Trump, Week 34: Friday, 8 September -Thursday, 14 September 2017, (Days 232-238)


Keeping Track (of some things), Staying Outraged (it is possible), and Resisting (it’s essential)


Passages in bold in the body of the texts below are my emphasis. This is an ongoing project, and I update the site frequently. I hope readers will peruse the articles in full for a better understanding of the issues and their context; our democracy and our future depend on citizens who can distinguish between facts and falsehoods and who are engaged in the political process.


Friday, 8 September 2017, Day 232:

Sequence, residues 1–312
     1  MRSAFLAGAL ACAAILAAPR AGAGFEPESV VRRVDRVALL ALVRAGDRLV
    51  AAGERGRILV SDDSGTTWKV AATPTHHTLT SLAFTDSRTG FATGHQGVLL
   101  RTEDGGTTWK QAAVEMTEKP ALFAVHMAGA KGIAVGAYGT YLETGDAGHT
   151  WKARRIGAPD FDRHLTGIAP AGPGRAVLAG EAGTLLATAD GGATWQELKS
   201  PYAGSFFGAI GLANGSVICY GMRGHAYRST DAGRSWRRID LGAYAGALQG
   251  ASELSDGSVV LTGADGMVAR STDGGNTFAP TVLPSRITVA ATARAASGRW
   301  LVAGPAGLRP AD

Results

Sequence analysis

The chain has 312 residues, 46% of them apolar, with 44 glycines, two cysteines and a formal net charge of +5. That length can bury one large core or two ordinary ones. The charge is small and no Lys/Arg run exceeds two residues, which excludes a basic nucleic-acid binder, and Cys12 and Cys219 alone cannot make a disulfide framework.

House Passes Hurricane Aid and Raises Debt Ceiling, The New York Times, Thomas Kaplan and Michael D. Shear, Friday, 8 September 2017: “The Republican-controlled House on Friday gave final approval to President Trump’s fiscal deal with Democrats, leaving conservative lawmakers frustrated and grumbling as Mr. Trump continued to assail his party for failing to advance major legislation. The president signed the measure later Friday. With Hurricane Irma poised to crash into Florida over the weekend, lawmakers approved $15 billion in hurricane relief as part of a short-term measure that increases the nation’s borrowing authority and keeps the government funded until December. But the House passed the measure with the support of Democrats and over the objections of more than a third of the chamber’s Republicans, who were left with few options after a president of their own party chose to side with ‘Chuck and Nancy,’ as Mr. Trump called the Democratic leaders, Senator Chuck Schumer of New York and Representative Nancy Pelosi of California.”